If we have the courage to open our hearts to the Mussar of Shmita we see that all lives emanate equally from the One. They have the same claim to nurturance and protection and well-being as do we, to resources and opportunities. Shmita, if we open our hearts, broadcasts a call for redistribution of resources to humankind loudly.
Parshat Ha’azinu opens with metaphors of the land of Israel, the Divine, and the people of Israel. Nature and weather describe how our hearts are to welcome the words of Torah, to be in constant relationship with them, to absorb them. God calls on the earth to hear God’s words.
Our parshah says:
“May my discourse come down as the rain,
My speech distill as the dew,
Like showers on young growth,
Like droplets on the grass.”
The song of Ha’azinu, one of the most captivating in the Torah, relies profoundly on nature to communicate its Mussar. The desert and our national journeying in it, the eagles and rocks, the honey and the lamb, the grapes and the goats. This poem is abundant, even overflowing, with the poetry of nature.
Ha’azinu evokes, and invites us to encounter, a world that was not only the world of our ancestors but the world of humans before the industrial age. This level of encounter with nature is something many of us reading this (and I who am writing this) seek out by going to places where humans have protected Nature.
The Shmita year opens a different dimension of time, nature, and encounter with the Divine. In Israel, that impact can be quite physical, schedules freed up from normal labor, private property, and harvest now public. The land that we in a non-Shmita year plow and harvest – this year it’s bounty is not our bounty. If we have the courage to open our hearts to the Mussar of Shmita we see that all lives emanate equally from the One. They have the same claim to nurturance and protection and well-being as do we, to resources and opportunities. Shmita, if we open our hearts, broadcasts a call for redistribution of resources to humankind loudly.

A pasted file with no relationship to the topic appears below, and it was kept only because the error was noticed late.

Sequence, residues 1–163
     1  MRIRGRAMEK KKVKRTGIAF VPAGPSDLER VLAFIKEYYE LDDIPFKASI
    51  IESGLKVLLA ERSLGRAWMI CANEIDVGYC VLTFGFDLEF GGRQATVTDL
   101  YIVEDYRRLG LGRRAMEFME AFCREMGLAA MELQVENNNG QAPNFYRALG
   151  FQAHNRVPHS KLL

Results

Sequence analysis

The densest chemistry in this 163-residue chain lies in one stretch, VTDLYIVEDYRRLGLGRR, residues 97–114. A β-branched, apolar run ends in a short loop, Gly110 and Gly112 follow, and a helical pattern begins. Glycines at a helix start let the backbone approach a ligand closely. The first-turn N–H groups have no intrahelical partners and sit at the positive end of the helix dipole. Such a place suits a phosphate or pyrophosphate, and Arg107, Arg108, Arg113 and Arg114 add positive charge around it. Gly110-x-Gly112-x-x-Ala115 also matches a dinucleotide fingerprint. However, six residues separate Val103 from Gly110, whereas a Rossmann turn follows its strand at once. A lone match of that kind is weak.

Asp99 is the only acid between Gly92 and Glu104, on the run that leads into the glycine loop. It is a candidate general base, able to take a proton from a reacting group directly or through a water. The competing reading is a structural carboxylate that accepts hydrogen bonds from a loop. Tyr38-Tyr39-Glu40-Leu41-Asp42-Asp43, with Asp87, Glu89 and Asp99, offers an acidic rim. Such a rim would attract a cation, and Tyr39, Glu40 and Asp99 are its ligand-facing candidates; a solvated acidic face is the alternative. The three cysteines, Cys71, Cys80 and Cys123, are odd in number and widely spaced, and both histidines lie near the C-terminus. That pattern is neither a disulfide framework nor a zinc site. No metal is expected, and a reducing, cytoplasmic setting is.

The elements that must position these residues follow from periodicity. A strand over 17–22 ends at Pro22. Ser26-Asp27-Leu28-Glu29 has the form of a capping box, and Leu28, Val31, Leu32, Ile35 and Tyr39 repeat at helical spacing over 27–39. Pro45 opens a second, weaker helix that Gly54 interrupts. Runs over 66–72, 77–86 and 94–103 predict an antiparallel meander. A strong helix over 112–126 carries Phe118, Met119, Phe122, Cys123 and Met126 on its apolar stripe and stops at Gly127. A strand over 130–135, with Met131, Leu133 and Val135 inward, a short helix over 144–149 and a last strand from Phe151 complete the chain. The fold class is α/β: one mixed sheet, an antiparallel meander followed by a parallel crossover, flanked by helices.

If you are outside of Israel, I invite you to hear the call as well; learn about Shmita with others, abstain from buying new clothing and items when possible as a way of allowing the Earth to rest and subsisting on what already is. Honor Shmita’s call to justice and redistribution of resources by giving the money you save to Tzedakah. If you have land, allow at least some of it to rest.
Shmita dances in the nature imagery of Ha’azinu, projecting a clarion call that there is no human renewal that will be sustained if Nature is not allowed to rejuvenate. Social justice is inexorably woven with the Shmita cycle in which the earth is allowed to renew itself, in which we human beings are obligated, for one year, to behave as if we don’t know better than Earth herself how to rejuvenate. The Torah demands that we step back, that we realize that we, too, are smaller than the Creation. And even if our post-Industrial egos do not accept this message, integrating the practice of Shmita into our lives this year connects our hearts to those of our ancestors who knew an Earth whose awe-inspiring power was very present.
Rabba Amalia Haas is Director of Spiritual Engagement at Congregation Beth Sholom in Providence, Rhode Island and a chaplain at the Cleveland Clinic. Her company Bee Awesome educates the Jewish community about bees, climate and the Jewish calendar, and markets honey for Rosh HaShanah. She facilitates life cycle events, professional development, and community retreats grounded in Torah, mindfulness, bibliodrama, nature, art and music. She was ordained in 2020 by Yeshivat Maharat and is an alumna of Yeshiva University and Oberlin College.